Growing up, Ola Obasi was a city kid, educated at a British boarding school while living mostly in Kenya, Tanzania and South Africa. But it was while visiting her grandmother's Kenyan village, at age 9, that she first learned about herbal healing.
"This man was chopping branches off a tree," she says. The tree was a eucalyptus, the man a traditional healer making an inhalant to treat malaria. "That's how I started to learn there is more magic in this world," says Obasi.
Today, Obasi runs Ola's Herb Shop amid the barber shops and pizza joints of Morningside. In an unassuming storefront, she does consultations for her 130 or so clients and sells products like Native American White Sage Sacred Blessing. While Obasi speaks freely of the healing magic in plants, she's also built her practice on a good deal of formal training.
Born in the U.S. (while her mother was attending college in Columbus, Ohio), Obasi returned here as a teen-ager in the early 1990s. She actually started out studying pharmacy — the career her father wanted for her. But alternative treatments kept presenting themselves: in the echinacea a University of Dayton classmate brought her when she was sick and, later, in the herbal remedies favored by the Rastafarian father of her two daughters.
"That's how I got to learn about herbs. I would treat myself, treat my family," says Obasi. "People would come to me. I just had a knack for it."
Later, she worked as a pharmacy technician in Chevy Chase, Md. She learned a lot about compounding medicine from the pharmacist, himself a big believer in herbal medicine. "It's not about being a doctor," he told her. "It's about being a healer." Further training followed at the Tai Sophia Institute (now the Maryland University of Integrative Health) and Case Western Reserve University.
Obasi, who wears short braids and a tiny gold dragonfly in her left nostril, moved to Pittsburgh in 2011. She is friendly and assertive, and her practice is pointedly not merely about dispensing herbs as if they were conventional little white pills. Rather than simply treating the symptom, as she believes Western medicine typically does, Obasi first gets to know her clients in sessions of two hours or more. "I say, ‘Tell me your story.' ... Most of the time, people cry — men, women, it doesn't matter who they are. There's a tissue box over there."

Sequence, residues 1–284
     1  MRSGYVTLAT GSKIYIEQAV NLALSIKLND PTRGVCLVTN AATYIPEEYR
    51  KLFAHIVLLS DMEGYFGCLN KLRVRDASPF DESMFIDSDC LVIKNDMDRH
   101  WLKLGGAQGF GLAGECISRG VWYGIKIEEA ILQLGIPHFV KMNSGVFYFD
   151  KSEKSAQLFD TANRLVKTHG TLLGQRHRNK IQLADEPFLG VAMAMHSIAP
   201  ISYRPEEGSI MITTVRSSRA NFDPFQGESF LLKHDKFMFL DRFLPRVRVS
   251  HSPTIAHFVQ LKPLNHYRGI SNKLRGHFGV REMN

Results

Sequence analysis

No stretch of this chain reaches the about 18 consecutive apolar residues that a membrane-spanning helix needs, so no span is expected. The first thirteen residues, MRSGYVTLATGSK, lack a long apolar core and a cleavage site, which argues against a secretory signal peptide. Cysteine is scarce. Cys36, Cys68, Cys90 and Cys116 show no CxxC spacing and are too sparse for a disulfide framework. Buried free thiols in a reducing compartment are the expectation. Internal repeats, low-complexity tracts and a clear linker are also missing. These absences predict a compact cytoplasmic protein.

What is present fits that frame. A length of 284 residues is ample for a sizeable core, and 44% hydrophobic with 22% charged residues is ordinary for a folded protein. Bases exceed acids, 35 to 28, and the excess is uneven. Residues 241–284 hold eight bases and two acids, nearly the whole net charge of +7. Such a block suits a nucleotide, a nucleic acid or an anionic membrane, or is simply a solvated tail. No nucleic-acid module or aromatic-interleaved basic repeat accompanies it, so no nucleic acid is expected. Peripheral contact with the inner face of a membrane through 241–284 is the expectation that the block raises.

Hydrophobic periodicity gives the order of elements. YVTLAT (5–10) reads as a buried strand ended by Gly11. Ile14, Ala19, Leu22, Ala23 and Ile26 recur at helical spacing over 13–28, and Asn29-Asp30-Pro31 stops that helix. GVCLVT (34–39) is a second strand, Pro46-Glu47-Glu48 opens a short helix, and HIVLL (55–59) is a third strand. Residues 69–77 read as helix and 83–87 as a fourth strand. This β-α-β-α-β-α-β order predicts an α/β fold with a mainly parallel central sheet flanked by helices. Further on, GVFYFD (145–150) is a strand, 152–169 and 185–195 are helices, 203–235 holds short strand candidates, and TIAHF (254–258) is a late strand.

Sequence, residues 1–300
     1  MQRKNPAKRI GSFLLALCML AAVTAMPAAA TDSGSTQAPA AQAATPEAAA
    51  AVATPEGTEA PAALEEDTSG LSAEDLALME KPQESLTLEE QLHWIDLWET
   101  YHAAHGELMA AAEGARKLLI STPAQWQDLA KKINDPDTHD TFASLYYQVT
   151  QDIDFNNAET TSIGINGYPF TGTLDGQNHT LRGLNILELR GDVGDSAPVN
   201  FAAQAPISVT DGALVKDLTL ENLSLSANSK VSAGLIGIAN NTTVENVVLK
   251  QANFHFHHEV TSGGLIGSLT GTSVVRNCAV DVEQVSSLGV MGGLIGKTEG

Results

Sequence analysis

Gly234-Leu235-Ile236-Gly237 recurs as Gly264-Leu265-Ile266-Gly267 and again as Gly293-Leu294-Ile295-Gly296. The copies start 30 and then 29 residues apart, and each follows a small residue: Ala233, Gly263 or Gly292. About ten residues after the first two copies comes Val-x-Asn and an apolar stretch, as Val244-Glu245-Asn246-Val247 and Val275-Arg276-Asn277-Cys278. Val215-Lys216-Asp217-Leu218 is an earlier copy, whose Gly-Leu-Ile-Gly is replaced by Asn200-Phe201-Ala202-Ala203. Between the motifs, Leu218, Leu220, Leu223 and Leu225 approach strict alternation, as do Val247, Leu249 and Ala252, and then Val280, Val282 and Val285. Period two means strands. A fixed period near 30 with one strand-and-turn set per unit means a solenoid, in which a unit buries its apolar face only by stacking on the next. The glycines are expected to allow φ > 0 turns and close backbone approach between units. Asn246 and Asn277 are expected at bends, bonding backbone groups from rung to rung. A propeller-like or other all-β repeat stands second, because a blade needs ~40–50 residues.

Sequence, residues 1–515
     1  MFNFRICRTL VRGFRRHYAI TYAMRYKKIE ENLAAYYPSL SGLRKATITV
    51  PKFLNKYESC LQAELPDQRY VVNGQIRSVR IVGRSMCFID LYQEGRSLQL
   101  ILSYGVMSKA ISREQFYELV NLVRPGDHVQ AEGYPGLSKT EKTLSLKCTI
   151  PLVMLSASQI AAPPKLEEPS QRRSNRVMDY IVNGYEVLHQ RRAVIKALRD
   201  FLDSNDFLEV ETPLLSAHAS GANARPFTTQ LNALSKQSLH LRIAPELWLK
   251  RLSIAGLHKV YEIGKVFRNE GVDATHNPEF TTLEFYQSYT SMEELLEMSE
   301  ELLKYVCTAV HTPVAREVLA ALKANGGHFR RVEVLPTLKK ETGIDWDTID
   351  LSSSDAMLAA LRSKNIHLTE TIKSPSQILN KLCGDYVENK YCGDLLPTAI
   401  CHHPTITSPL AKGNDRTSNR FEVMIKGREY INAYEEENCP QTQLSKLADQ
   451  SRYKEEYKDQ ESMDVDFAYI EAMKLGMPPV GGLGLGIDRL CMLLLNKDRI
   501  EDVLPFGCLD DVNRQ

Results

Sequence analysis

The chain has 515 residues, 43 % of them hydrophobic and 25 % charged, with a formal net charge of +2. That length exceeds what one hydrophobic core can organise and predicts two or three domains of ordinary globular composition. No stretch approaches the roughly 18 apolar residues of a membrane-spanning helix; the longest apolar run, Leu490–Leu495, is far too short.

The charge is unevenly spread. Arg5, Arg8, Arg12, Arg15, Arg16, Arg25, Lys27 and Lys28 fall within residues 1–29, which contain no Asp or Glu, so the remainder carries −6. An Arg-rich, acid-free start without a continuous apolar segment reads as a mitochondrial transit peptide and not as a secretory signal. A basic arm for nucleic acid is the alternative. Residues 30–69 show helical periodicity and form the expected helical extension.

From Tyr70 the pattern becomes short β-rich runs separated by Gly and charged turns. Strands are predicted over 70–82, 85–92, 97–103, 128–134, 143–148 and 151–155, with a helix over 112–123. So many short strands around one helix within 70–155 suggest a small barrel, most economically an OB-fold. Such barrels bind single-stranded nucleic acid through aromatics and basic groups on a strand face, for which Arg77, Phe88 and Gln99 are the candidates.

"If someone comes in with a stomachache, I ask them about their headaches," she says. "I ask about the swelling in their ankles." The roots of a stomachache, she says, are probably elsewhere in the body. Or even in the spirit. "There's no difference to me between the physical and the spiritual," says Obasi. "There's no herbalist who doesn't have a spiritual base."
Obasi makes her own shea butter — the traditional African skin-care treatment that's her biggest seller — and compounds custom remedies, some with herbs she grows herself. Her practice also includes twice-weekly SynergyDance classes. These are exercises in healing movement that are done in dim light, suggesting low-impact yoga crossed with New Age meditation. "It's very inspirational. It's energetic," said client Tonya Magwood, of Edgewood, last September. "I came to the first class and I was hooked."
Obasi's holistic approach impresses Michelle Czolba, a client of Obasi's who is also a trained herbalist and runs an online natural-skin-care business. Herbal medicine isn't nearly as common in Pittsburgh as it is, say, on the West Coast. But Czolba says it's growing here, and Obasi is one reason. "She brings a lot of energy to the scene," says Czolba, of Bloomfield.
Save for the occasional recommendation of chamomile for upset stomachs, or cranberry for urinary-tract infections, Western medicine tends to be agnostic at best about herbal remedies. But Obasi tells stories of her own experiences — herbal help with pregnancy and nursing, healthy kids raised on herbal cures — and those of clients she aided with everything from chronic nosebleeds to yeast infections.
Christina Springer, a performance artist from Point Breeze, says Obasi once helped her with digestive troubles. But Springer's greatest praise is for Obasi as educator. Springer's son, Winston, has taken Obasi's summer class titled Herbal Alchemy; now 10 years old, he makes his own skin lotion. Last year, when his father suffered a bee sting, Winston successfully treated it with a plant he pulled from the yard. "It was some weed!" says Springer.
"The seriousness with which [Obasi] guides youth into exploring this speaks volumes about who she is as a healer," says Springer. "I think that's her message: how to be a participant in your health and well-being."